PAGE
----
By Michael Howell
The Stevensville Town Council placed creation of a local government study commission on the ballot for the June 3 primary elections. A draft proposal to create a three-member study commission funded up to $15,000 was amended twice before being approved. The final motion was to place a five-member study commission on the ballot with approved funding of up to $20,000. If the ballot measure is approved the five study commission members would be selected in the November 4, 2014 election.
Mayor Gene Mim Mack pointed out that although state law allows the Council to place creation of a study commission on the ballot and fund it to a maximum amount of dollars or a mill levy, another code appears to allow the study commission to set its own scope of work and determine its own budget.
There is no exact time frame for a study commission to do its work, nor is there any definite scope of work. Mim Mack said a study commission could convene and decide within a few months that no changes are necessary and make no recommendations. Or it could create a study plan that would take years to implement and end up making several significant changes in the form of government.
Mim Mack noted that there were records of two previous study commissions being approved over the last twenty years, but the only change ever recommended and adopted was to have non-partisan municipal elections.
During discussion about funding a study commission it was noted that past records from the Black Mountain software indicated that the last study commission spent over $42,000. That total was questioned and previous town clerk Nancy Lowell, who served as clerk at the time, expressed disbelief in the cost. It was noted that some payroll costs were included. Lowell suggested that the costs to the Town for use of Town employees and services by the study commission may have been included.
The Council also approved a five-year Capital Improvement Plan for the Stevensville Airport. The bulk of the planned improvements take place within the next two years. Earth work improvements related to both runway and taxiway extensions are planned for 2014 and a major runway reconstruction project in 2016. No major work is planned for the subsequent years, 2017-2019.
According to Councilor Ron Klaphake, who serves on the Airport Board, the total cost of the entire project is about $455,000. He said that combined with grants from Montana Aeronautics the Town’s liability would be close to $170,000. Using cash on hand and other funding sources, he said the project may require taking out a loan from Montana Aeronautics for $50,000. The plan calls for the project to be paid for out of airport funds. Klaphake said that the new TIFF District established at the airport is expected to produce sufficient funds to complete the project and pay off the loan.
Mayor Mim Mack told the council that due to weather conditions the sewer project, which was shut down due to the cold weather and scheduled to start up on February 17, will be delayed to March 3. Delays were also related to a damaged gas line that NorthWestern Energy will have to repair before boring under the Eastside Highway can continue.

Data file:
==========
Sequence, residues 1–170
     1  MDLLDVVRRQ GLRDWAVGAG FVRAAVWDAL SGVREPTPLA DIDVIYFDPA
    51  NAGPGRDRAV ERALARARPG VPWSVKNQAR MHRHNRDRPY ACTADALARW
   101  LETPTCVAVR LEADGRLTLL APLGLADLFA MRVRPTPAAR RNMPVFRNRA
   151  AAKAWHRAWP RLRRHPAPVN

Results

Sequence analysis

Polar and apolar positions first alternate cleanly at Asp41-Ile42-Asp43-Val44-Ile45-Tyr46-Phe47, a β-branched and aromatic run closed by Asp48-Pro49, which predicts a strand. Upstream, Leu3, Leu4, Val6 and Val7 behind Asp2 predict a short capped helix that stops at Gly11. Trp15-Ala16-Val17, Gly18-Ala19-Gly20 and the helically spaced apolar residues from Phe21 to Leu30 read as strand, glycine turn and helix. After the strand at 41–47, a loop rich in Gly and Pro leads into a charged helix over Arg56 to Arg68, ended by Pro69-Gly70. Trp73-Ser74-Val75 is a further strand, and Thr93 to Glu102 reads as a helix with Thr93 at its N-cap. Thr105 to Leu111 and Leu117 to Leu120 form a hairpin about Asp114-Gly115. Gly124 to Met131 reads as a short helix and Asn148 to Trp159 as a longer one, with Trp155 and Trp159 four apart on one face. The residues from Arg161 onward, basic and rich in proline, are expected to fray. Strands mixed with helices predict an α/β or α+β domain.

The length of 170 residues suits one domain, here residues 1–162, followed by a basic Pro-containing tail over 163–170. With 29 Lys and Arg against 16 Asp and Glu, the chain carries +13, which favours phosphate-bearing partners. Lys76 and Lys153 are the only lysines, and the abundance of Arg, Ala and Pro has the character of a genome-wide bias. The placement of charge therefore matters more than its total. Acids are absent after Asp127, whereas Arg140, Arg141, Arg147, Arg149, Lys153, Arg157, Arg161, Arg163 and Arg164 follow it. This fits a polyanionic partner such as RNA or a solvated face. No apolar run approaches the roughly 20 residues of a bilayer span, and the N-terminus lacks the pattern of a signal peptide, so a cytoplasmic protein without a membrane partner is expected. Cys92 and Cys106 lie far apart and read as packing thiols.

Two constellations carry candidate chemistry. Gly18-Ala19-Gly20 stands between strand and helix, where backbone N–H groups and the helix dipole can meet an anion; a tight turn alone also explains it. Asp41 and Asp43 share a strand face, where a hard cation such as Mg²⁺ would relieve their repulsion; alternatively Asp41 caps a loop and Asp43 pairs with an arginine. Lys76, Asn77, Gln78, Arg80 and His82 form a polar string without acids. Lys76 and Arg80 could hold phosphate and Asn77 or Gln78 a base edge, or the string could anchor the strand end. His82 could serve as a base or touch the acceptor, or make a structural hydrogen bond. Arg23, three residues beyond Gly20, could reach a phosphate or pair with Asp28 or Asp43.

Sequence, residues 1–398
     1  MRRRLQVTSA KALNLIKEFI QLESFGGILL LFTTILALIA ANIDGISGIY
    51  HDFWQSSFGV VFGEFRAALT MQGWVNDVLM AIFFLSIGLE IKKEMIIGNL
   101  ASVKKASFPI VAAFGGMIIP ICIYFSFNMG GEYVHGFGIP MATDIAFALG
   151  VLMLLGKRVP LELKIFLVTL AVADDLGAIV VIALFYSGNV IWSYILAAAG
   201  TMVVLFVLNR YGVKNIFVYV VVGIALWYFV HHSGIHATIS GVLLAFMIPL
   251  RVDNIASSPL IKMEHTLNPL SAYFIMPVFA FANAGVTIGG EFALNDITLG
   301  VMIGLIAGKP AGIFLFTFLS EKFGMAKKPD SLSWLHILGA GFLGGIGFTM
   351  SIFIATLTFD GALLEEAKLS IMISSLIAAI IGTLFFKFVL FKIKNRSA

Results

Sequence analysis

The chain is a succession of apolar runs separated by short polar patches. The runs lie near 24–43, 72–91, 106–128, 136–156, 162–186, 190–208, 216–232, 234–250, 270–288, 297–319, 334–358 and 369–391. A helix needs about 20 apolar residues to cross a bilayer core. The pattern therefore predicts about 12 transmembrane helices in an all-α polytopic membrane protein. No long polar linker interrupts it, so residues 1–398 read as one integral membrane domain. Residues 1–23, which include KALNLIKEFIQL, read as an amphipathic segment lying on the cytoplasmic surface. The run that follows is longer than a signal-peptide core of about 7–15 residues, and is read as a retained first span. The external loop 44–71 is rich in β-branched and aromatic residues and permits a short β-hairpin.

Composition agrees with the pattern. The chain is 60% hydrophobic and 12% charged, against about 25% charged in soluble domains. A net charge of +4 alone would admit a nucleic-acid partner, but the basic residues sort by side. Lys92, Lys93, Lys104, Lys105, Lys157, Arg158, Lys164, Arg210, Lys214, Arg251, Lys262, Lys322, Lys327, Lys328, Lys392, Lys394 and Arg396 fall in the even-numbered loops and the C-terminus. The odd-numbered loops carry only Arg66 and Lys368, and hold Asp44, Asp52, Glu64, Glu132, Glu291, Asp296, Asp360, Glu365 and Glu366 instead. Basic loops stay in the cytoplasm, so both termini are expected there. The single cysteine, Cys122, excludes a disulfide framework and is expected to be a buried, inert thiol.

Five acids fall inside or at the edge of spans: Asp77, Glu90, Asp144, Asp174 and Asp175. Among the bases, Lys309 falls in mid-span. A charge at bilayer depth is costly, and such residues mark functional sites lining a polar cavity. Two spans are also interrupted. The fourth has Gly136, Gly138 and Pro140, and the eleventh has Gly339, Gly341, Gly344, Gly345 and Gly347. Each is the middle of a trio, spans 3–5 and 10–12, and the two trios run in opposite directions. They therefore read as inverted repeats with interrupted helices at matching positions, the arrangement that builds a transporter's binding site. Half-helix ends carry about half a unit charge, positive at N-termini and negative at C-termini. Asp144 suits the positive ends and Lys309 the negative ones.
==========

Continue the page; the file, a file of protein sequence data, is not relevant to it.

The American Legion and American Legion Auxiliary donated a total of $400 to help with the cemetery vandalism situation. $200 is to be used to increase the reward being offered for arrest of the vandals and $200 is for repairs. If the reward is not claimed the reward portion of the donation would also go to repairs.
The Stevensville Community Foundation offered to donate a bench to be placed alongside the Town’s swimming pool facility for children to use while waiting to be picked up by parents. The bench installation would also involve placement of plaques in recognition of community service by former foundation member John Susen.
The council discussed creating a policy for dealing with uncashed checks issued by the Town. Town Treasurer Stephanie Mapelli said that currently it would involve about six checks totaling less than $500. It was noted that most banks will not cash a check older than six months from the date of issue. It was agreed that a formal resolution would be drawn up for consideration to write off uncashed checks after six months.
Leslie Tadvick spoke during the public comment period and objected to the characterization by councilor Bill Perrin of a survey recently submitted to the town as being “mean spirited.” She said that she was born and raised here and was disappointed in the direction the town was taking and so were the people who responded anonymously to the survey. She said the people felt intimidated and that they had no voice in the town’s affairs.
Tadvick said that previous town fathers and councils were frugal with the town’s money but the current council was giving raises, giving money to the Main Street Association and other non-profits while they raise the water rates beyond what some people can afford.
“Tax dollars should not be given to non-profits,” said Tadvick. She said that she did not like the way the town was changing.